The Law of Unintended Consequences Strikes Again
Stop me if you’ve heard this one before: laws are passed, ostensibly, to protect the public (children, in particular), and end up having the exact opposite effect. Oh, you’ve heard that one a million times before? Sorry about that.
Anyway, social workers, parole officers, courts, and law enforcement officials in Illinois are experiencing firsthand another example of this all-too-common phenomenon. According to the Wall Street Journal Law Blog, through the Chicago Tribune (also reported here), officials in Illinois are finding that “get tough” legislation designed to protect the public from sex offenders may actually increase recidivism.
Illinois, like many states, has passed laws providing for monitoring of sex offenders after they’re released from prison. Illinois is also keeping up with the more recent trend of passing laws which restrict where convicted sex offenders can live after they’re released, usually barring them from living near schools and other places where children congregate. On its face, this seems like a good idea. After all, who wants sex offenders to live right next to the school their child attends? However, the laws in Illinois on this subject are so restrictive, that it’s often impossible for offenders to find a place to live after they leave.
As a result, they simply have to serve out their parole time in prison. This also sounds pretty good. After all, if convicted sex offenders belong anywhere, it’s in prison, right? Well, that may be the case. But the fact is, most laws don’t provide life sentences for first-time sex offenders, so they have to be released at some point. If they were able to find a place to live, they would have been subject to 24-hour electronic monitoring, unannounced visits from parole officers, and mandatory psychiatric treatment.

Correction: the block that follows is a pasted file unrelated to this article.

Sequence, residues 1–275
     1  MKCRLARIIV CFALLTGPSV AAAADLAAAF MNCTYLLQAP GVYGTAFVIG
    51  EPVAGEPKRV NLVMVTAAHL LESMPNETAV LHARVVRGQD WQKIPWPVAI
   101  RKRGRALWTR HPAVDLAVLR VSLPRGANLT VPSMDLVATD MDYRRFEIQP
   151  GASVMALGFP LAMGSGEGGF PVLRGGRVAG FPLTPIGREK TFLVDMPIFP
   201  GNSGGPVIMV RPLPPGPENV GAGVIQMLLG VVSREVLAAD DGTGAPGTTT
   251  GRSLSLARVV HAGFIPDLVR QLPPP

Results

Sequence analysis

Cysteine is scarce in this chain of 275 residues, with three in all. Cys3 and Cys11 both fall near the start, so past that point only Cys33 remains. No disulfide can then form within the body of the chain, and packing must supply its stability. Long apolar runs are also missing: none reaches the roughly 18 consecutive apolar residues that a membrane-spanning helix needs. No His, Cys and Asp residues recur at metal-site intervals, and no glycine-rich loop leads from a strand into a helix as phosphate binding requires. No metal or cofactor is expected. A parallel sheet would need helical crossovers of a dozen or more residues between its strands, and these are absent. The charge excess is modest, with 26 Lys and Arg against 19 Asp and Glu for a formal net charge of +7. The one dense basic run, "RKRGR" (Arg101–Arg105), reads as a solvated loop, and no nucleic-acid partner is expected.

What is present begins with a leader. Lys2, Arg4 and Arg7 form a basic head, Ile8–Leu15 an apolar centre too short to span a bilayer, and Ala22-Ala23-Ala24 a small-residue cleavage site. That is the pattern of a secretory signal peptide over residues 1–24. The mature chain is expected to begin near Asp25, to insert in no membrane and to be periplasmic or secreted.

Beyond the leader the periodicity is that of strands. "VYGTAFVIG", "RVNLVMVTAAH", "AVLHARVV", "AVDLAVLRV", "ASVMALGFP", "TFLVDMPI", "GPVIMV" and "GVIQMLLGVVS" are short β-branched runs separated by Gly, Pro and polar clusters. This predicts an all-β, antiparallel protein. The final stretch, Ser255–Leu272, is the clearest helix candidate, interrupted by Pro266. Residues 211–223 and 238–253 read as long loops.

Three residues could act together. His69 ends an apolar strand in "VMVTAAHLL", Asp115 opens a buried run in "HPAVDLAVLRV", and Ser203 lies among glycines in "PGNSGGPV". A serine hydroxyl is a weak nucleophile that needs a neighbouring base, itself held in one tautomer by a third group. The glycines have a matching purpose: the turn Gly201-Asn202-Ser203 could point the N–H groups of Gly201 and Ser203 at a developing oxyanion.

This might enable some of them to gradually re-integrate back into society, and greatly reduce their chances of re-offending. For those who have to spend their entire parole term in prison, they just do what they did before: sit in prison. After that, they’re just set loose. Since they’re no longer on probation, they’re subject to far less supervision. Not surprisingly, these offenders are far more likely to re-offend, or simply fall off the grid, making it much more difficult to catch them again.
I’ll say up front that I have no sympathy for sex offenders. Their crimes, especially when the victims are children, are horrifying and disgusting. They deserve to be punished severely. But sometimes, the law has to be a little bit more pragmatic, and can’t always give criminals what they deserve. With that in mind, rehabilitation should at least be the main objective of the criminal justice system. What’s a better outcome? A sex offender spends most of his life in prison (at taxpayer expense), only to be thrown back on the street after his “debt to society” has been paid, or a sex offender who, while in prison, and afterwards, receives intensive psychiatric treatment, and is released (under tight supervision), eventually becoming a productive member of society?
Obviously, not every sex offender can be reformed, and psychological experts are usually pretty good at figuring out if someone is genuinely reformed or not. Those people, obviously, should be locked up as long as possible.
This quagmire in Illinois is, I think, a demonstration of a much larger problem in society: laws passed to make politicians and a public clamoring for blood (figuratively…usually) feel good, without much regard to the consequences.
We’ve seen this in response to bullying, and virtually every other major criminal issue. While I’m not holding my breath, I still hold out some hope that we, as a society, will be able to approach these issues in a more rational, deliberate way. Because, make no mistake, these are very serious issues that must be addressed. But simply “Doing Something” isn’t enough – anyone can spin their wheels in a way that appeases indignant voters. What’s much more difficult, and takes political and legal leadership made of tougher stuff than many politicians, is doing something that actually addresses a problem, instead of simply creating more.